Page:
trived to retain enough of the sympathy of the
audience to cause manifestations of approval
when he v/as finally saved from ruin. It was
probably the touch of burlesque in the charac-
ter, the evident lack of earnestness and sincer-
ity in the actor, which enabled the defeated
'Senator' to retain a place in the affections
of the audience. A rather vmcertain but other-
wise satisfactory part, 'John Quincy Bunn' was
given to Vifilliam Seymour, and very neatly por-
trayed. He did not in the least carry out the
popular idea of the men who make fortunes in the
sagebrush region, being more of a clever draw-
ing-room fop than a frontiersman* Mr.Mestayer,
as 'General Napoleon Cubit,' evidently had a
distinguished Eastern politician in the mind's
eye when he designed his make-up* Mr. Curtis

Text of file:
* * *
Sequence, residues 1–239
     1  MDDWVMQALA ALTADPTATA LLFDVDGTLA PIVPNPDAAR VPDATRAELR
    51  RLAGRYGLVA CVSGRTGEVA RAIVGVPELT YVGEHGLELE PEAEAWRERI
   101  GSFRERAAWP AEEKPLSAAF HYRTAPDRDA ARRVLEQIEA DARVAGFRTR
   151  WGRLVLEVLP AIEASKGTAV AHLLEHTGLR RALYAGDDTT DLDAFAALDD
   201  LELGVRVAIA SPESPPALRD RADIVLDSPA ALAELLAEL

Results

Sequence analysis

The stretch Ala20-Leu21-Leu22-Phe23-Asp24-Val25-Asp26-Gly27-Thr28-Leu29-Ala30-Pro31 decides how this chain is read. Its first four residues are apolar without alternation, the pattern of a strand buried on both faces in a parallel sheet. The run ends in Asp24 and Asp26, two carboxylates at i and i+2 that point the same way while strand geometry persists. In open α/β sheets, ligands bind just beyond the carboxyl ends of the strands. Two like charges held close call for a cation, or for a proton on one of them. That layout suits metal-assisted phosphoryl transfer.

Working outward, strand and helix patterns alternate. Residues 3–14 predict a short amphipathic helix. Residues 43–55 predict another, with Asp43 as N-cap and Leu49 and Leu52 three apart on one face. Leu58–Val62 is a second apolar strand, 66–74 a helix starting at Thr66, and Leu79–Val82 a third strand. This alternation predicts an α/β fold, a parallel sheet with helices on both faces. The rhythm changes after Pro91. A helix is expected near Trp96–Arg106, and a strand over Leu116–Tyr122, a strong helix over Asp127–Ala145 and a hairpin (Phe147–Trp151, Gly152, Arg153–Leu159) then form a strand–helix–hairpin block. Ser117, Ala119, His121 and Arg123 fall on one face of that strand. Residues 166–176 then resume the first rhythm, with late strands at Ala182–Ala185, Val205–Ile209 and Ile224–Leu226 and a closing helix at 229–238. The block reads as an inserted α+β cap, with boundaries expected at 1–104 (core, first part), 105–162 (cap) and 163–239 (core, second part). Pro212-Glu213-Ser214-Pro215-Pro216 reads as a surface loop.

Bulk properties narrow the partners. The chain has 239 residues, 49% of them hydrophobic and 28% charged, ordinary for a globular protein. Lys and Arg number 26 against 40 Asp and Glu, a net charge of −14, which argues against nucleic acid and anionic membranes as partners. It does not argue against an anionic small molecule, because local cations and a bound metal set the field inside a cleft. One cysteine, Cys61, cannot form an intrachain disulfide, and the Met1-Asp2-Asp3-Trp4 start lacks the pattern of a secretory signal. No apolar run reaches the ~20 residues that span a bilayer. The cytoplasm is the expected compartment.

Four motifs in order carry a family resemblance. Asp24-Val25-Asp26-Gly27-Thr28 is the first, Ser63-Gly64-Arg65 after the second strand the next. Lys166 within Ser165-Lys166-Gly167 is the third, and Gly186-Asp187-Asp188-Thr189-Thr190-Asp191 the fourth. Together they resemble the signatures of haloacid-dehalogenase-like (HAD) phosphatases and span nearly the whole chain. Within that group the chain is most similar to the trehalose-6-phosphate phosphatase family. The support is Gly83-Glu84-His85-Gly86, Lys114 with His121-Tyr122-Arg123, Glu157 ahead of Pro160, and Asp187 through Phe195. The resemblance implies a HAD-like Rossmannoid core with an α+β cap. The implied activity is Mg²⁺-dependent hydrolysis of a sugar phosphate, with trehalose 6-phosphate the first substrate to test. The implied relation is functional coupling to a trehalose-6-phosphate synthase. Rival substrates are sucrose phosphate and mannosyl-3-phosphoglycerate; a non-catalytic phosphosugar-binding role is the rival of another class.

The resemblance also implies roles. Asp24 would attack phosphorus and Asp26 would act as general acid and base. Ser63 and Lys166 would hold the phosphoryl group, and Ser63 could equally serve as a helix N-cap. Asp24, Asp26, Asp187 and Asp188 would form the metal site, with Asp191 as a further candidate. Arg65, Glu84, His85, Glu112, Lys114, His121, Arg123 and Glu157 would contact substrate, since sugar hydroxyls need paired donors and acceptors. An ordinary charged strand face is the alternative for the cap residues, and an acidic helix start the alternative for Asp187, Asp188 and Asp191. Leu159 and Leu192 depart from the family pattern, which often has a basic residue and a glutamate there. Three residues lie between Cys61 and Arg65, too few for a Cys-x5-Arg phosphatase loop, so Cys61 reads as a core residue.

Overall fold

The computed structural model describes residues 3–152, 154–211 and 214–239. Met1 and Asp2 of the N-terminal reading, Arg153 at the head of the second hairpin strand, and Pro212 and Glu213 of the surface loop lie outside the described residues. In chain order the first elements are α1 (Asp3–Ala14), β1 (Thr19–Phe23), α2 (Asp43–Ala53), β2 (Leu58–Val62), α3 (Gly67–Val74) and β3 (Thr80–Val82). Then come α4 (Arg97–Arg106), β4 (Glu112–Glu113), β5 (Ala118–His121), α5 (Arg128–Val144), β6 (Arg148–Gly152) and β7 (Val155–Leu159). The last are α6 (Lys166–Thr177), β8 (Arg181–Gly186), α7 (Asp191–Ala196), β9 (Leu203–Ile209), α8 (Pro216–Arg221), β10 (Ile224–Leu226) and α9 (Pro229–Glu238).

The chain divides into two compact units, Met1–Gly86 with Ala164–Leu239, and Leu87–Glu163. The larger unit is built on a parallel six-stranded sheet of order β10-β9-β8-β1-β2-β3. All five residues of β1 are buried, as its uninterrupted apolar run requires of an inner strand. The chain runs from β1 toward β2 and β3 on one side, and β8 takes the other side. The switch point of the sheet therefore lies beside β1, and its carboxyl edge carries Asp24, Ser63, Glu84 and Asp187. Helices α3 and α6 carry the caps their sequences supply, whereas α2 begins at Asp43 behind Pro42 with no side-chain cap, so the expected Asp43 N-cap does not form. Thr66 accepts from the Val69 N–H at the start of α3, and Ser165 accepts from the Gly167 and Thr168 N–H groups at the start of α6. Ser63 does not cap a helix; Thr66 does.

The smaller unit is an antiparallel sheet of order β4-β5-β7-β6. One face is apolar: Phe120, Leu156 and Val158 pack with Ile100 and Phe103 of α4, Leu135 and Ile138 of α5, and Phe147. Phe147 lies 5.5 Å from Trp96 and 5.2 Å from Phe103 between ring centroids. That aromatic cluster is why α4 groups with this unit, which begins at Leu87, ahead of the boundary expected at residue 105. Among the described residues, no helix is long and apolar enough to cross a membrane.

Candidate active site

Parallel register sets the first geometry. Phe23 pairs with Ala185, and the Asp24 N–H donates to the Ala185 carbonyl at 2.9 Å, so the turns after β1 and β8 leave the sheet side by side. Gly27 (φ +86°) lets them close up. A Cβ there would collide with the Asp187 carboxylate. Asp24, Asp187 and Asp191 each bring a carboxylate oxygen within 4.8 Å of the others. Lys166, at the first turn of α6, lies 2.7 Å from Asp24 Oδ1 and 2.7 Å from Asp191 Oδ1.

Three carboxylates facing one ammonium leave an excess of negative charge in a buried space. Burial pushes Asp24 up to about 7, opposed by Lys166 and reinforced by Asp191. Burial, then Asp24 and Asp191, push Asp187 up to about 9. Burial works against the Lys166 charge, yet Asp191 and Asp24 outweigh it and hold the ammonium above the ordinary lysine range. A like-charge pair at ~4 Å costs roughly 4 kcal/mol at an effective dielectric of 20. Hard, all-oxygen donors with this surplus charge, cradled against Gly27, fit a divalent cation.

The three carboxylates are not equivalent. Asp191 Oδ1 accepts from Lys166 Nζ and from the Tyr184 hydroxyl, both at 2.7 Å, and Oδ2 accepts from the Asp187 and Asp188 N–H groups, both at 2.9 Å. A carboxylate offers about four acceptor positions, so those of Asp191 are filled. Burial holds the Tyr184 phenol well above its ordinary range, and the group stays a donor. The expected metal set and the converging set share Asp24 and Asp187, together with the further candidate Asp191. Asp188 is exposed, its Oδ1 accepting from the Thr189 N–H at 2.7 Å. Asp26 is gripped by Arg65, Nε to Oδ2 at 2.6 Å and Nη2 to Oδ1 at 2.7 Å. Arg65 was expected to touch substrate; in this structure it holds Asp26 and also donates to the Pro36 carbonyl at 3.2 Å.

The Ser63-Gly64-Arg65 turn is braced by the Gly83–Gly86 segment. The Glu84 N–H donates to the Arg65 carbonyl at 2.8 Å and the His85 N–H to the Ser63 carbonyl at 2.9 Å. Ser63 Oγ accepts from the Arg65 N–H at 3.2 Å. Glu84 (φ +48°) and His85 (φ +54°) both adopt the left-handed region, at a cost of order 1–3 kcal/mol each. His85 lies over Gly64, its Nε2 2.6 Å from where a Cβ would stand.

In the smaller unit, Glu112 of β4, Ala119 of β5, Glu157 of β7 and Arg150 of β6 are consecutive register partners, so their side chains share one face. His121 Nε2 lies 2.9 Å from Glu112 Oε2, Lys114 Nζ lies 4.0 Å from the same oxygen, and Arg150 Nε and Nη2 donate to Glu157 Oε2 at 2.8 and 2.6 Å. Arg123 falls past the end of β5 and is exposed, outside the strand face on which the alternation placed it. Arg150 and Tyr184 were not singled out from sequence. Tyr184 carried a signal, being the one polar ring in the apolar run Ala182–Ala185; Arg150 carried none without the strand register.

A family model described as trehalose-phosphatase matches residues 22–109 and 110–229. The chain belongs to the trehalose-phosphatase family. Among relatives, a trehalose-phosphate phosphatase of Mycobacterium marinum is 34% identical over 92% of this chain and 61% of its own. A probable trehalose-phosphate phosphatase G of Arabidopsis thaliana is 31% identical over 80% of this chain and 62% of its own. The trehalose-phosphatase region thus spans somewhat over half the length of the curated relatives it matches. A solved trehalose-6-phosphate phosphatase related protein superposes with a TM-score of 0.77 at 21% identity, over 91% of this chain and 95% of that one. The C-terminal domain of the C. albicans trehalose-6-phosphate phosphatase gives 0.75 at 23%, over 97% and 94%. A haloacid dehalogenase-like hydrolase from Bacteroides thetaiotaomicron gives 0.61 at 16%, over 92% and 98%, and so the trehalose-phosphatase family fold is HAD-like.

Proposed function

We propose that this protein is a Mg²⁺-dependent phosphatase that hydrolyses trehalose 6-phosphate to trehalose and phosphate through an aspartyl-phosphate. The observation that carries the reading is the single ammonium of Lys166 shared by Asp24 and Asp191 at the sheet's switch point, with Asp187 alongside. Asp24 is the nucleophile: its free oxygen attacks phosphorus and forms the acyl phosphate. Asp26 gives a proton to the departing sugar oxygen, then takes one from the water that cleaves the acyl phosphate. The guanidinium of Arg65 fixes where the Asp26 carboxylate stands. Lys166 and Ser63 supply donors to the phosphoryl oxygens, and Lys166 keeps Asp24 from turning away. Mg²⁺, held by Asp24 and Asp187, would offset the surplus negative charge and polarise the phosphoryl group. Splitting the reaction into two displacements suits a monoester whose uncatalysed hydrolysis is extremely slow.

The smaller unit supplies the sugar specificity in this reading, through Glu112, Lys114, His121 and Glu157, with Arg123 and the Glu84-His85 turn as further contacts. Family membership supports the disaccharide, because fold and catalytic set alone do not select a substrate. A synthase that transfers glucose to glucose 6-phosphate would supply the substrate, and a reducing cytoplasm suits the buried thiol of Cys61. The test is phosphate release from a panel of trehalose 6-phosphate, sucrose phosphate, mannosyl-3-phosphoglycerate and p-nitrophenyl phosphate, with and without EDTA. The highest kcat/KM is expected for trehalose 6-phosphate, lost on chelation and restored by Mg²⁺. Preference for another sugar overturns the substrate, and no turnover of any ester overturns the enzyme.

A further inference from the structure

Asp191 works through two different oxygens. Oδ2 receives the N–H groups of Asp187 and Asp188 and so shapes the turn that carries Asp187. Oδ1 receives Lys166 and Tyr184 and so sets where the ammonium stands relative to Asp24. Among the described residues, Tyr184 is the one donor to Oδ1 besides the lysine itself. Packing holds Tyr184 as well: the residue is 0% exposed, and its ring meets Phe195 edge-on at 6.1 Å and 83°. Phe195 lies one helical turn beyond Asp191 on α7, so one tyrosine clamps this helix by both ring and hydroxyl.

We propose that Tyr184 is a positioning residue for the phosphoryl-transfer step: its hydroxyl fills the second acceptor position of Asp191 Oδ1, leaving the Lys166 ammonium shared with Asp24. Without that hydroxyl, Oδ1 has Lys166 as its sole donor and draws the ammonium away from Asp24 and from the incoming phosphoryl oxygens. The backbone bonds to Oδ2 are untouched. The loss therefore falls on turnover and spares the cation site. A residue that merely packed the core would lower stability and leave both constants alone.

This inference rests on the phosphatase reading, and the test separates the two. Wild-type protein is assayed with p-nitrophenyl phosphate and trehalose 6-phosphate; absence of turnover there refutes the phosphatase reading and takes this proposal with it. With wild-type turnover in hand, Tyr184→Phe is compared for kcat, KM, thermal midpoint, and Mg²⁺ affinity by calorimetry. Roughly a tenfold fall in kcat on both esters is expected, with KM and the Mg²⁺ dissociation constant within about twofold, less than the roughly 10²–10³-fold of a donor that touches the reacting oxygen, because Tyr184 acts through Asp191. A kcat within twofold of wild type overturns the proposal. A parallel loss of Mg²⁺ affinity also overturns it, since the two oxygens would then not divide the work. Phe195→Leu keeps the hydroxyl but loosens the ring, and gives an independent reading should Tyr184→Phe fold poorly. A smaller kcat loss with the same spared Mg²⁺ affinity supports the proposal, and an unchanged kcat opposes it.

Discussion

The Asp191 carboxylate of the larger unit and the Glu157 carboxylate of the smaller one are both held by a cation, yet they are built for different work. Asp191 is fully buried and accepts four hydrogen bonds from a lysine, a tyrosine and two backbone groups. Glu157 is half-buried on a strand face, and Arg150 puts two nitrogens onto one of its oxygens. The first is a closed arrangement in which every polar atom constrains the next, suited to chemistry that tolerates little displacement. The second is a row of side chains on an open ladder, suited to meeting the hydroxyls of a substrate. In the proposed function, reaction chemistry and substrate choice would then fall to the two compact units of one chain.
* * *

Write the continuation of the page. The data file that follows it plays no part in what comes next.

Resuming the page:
as 'Blossom,' took the burlesque view of his
character and made his two scenes amusing."*



* Bulletin, August 14, 1877.






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Burlesque 161

Unfortunate that details of the action are not giv-
en in the reviews, and that a copy of the script is not avail-
able. Our Politics is one of the few early Instances of vig-
orous political satire. But neither audience nor playwrights
were prepared to go further in this satirical direction. The
San Francisco theatrical season dipped violently in the fall
of 1877 to the safe, old, empty puns of Black-Eyed Susan .

Black-Eyed Susan's much disturbed corpse was shuf-
fled off unceremoniously after a short run to make room for
the still more exploited ghost of The Black Crook . Develop-
ment of some kind, there had beenj for the leg show aspects
of The Black Crook were now considered quite dull. The sen-
sation of the previous decade in Maguire's heyday was now, in